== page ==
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abstract = "Statement of problem. Information regarding the effect of thermomechanical aging (TMA) on the bond strength of luting cements to root canal dentin and endodontic posts is limited. Purpose. The purpose of this study was to investigate the effect of TMA on the bond strength of fiber and zirconia posts bonded to root canal dentin with 2 different resin cements with microtensile and scanning electron microscopic evaluation. Material and methods. Eighty extracted single-rooted human premolars were endodontically treated and restored with either a glass fiber post (FP) or a zirconia post (ZP) with 2 commercially available resin luting cements. The teeth were divided into 2 main groups. In the first group, posts (n=40) were bonded with a self-etch adhesive cement (SEAC). In the second group (n=40), posts were bonded using a self-adhesive cement (SAC). During the first aging phase, all specimens in each group were stored in distilled water for 30 days at 37°C. During the second phase, half of the specimens in each group were subjected to the TMA. The test groups were as follows: FP/SEAC, FP/SEAC+TMA, ZP/SEAC, ZP/SEAC+TMA, FP/SAC, FP/SAC+TMA, ZP/SAC, and ZP/SAC+TMA. The bond strength was measured with a microtensile test. Data were analyzed by 3-way analysis of variance and the Tukey honest significant different test (α=.05). Results. FP/SEAC at 30 days was higher than in the other groups. However, bond strength values were significantly reduced in this group after TMA (P<.001). Conclusions. Bond strength values and physical properties of SEAC with higher filler content were more affected by the TMA than those of SALC. According to scanning electron microscopic observation, TMA also affected the micromorphologic interface between the posts and the resin cements as well as between the resin cements and the root canal dentin.",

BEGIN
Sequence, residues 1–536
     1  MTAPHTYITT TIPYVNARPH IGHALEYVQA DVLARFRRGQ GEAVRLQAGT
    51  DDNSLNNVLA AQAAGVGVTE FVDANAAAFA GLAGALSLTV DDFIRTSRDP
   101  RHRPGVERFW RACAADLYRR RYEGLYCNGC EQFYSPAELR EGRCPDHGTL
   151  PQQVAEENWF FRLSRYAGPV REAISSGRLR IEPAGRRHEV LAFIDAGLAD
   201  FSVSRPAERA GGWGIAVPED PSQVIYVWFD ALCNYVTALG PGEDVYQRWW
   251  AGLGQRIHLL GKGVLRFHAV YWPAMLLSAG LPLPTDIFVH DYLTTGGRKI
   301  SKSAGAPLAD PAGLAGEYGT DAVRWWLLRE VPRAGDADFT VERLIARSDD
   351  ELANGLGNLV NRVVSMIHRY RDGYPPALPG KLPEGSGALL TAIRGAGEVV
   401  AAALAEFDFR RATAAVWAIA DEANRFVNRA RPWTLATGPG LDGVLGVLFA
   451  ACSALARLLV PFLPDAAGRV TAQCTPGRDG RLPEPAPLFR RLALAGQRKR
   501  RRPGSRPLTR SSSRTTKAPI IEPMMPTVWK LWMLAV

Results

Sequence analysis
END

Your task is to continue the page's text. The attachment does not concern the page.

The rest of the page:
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T1 - Effect of thermomechanical aging on bond strength and interface morphology of glass fiber and zirconia posts bonded with a self-etch adhesive and a self-adhesive resin cement to natural teeth